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The Sandbag Times - Issue No:57

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The Veterans Magazine

Mrs Fox Goes To War

Mrs Fox Goes To War The Chronicles of Little Hope 1939 - 1945 Villager of the month: Commander Codrington Shagg-Pyle, RN The signs were all there (having been slightly altered by the Vicar in an attempt to thwart Hitler) but Codrington - accompanied as ever by that infernal fine sea mist - wasn’t at all sure about following those directions... Younger brother to Little Hope’s very own Lord Horatio Shagg-Pyle, Codrington – as a second son – decided at an early age that it was to be a life on the ocean wave for him and shot off to sea at the earliest opportunity like - as they say in the north - ‘a ferret up a drainpipe.’ Having exchanged his drainpipe for a hornpipe, Codrington set to with a will swabbing the decks and sampling lots of grog which he soon developed a taste for and stuck with religiously thereafter. Our hero soon found himself up there with the best of them under Admiral Salmon and Sir John Fisher, before going on to positively distinguish himself under Lord Jellico at Jutland. Returning a hero and sporting an eye patch (occasionally, he still had a right eye, it just liked to sleep more than the left one) Codrington went on to command His Majesty’s ships Cauldron and Rum-Runner before hopping onto the poop deck of HMS Nancy in early 1940. There had been no news of the Nancy for a while, her last position having been reported as ‘going like buggery after the blighters’ near the Bay of Biscay until one night... https://www.mrsfoxgoestowar.co.uk/coddrington-shagg-pyle-rn | 40 www.sandbagtimes.co.uk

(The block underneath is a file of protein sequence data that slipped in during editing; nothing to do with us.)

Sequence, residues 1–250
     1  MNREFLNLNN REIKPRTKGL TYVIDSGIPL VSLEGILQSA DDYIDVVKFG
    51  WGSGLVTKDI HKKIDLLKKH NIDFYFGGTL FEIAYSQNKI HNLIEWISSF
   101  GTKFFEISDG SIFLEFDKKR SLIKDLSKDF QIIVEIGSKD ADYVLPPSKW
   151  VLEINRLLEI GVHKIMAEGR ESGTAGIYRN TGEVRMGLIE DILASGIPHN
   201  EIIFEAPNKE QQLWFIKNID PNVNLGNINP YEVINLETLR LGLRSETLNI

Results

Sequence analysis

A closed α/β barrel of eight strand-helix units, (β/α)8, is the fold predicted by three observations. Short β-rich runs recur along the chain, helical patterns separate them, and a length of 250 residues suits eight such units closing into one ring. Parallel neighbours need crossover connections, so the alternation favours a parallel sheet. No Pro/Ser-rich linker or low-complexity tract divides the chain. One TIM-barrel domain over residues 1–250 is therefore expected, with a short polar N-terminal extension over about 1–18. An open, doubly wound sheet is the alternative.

Hilda Ffinch The bird with all the answers Hilda Ffinch, Little Hope’s very own Agony Aunt (page 5 of the Little Hope Herald) was easily bored and terribly rich. She loved nothing better than taking on the problems of others and either sorting them out or claiming that she’d never heard of them if it all went tits up and they had to leave the district under cover of darkness having followed her sage advice. 23rs April 1942 Dear Mrs Pidcock, Let me begin by reassuring you that it is not at all uncommon for a matelot to take to his bed and hold his own - my cousin Crispin, a gay young lieutenant aboard HMS Nancy being a case in point - hardly ever did the fellow arrive back at the castle on leave without dashing upstairs to his bedchamber with indecent haste and closing the door firmly behind him. His relief at being home was audible out on the front terrace and twice startled the hounds of the Belvoir Hunt. That said, he was always down in time for afternoon tea, although his mother - my late Aunt Maude - was very much against him touching the sandwiches on such occasions and always had the footman transfer two cucumber and salmon ones to his plate with tongs. Mrs Bathsheba Pidcock ‘Seaman’s Rest’ 19 Jutland Terrace Little Hope Yorkshire 21st April 1942 Dear Mrs Ffinch I’m all of a tizzy and don’t know what to do. My husband Hector, home on leave from the navy, has only gone and come down with a bout of something a bit nasty and is laid up in the attic bedroom. I’ve isolated him as best I can in case it’s, you know, something catching, and he seems to be holding his own. The seaman’s relief, my dear, is a curious thing and unless your husband has come home covered in spots or wailing like a banshee when confronted with a chamber pot, I’d be inclined not to worry too much, like all sailors he’ll know his onions and will surely have the matter in hand. Now, with regard to your concerns about killer houseplants the bouquets of death pedaled by our very own Mrs Ivy Potter of The Potting Shed of Little Hope in the High Street. Plants, both the potted variety and those living on borrowed time in jam jars and vases in homes the length and breadth of this sceptered isle breathe in carbon dioxide and exhale oxygen as a rule during the hours of daylight. This is a hard fact and cannot be disproved, My worry is that friends and neighbours, meaning well like, keep calling round with bunches of flowers and the odd potted plant from the florists in the High Street and my old mother happened to remark that plants in a sick room like to suck the life out of the afflicted after nightfall. Is this true, and if so should I chuck them out? Hoping you can help. Yours, Bathsheba Pidcock (Mrs) and was explained in some detail to me by the renowned botanist Mrs Beever Blackburn during an almighty thunderstorm several years ago in Kew Gardens, when a bolt of lightning hit an exotic greenhouse door, melted the lock and provided her with a captive audience for two and a half hours as the London Fire Service fought to free us. Now, after a brief foray into the sex lives of plants (which caused a lot of tittering at the back and a mighty rustling of leaves from two yukkas and an African palm), Mrs Beever Blackburn went on to explain that at night, the breathing process of plants undergoes a reversal process and they breath in oxygen and exhale carbon dioxide giving rise, in some quarters, to fears that one might be suffocated during the hours of darkness by one’s own houseplants. “What about an aspidistra?” whispered a tall, thin lady at the back (who looked as though she’d already had the life force sucked out of her after dark, probably by Nosferatu), “Are they wont to go for one, too?” “Good lord no!” barked Mrs Beever Blackburn testily, “The only death by aspidistra I ever came across was as a result of the pot it was in making contact with the pate of an errant husband! Of course it won’t kill you!”before adding “Idiot!” under her breath, which I don’t think the skeletal lady at the back quite caught. And so there you are, dear Mrs Pidcock, you may take comfort from the words of an expert, and also from those of an eminent botanist. Fill your attic with flowers to your heart’s content! Be sure to knock before you enter however, just in case Mr Pidcock is still hard at it, and with any luck a bout of hayfever or a greenfly infestation will have your spouse out of his hammock and back on his feet in no time at all. Yours knowledgeably, Hilda Ffinch The Bird With All the Answers www.sandbagtimes.co.uk 41 |